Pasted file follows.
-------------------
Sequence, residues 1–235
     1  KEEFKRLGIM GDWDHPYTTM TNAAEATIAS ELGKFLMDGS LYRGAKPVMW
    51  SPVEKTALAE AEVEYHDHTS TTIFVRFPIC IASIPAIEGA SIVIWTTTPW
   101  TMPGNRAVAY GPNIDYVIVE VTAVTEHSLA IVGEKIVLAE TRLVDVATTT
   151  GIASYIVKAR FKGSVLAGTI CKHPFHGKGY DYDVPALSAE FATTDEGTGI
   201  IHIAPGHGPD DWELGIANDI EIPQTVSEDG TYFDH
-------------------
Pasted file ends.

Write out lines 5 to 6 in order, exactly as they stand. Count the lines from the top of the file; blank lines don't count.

   151  GIASYIVKAR FKGSVLAGTI CKHPFHGKGY DYDVPALSAE FATTDEGTGI
   201  IHIAPGHGPD DWELGIANDI EIPQTVSEDG TYFDH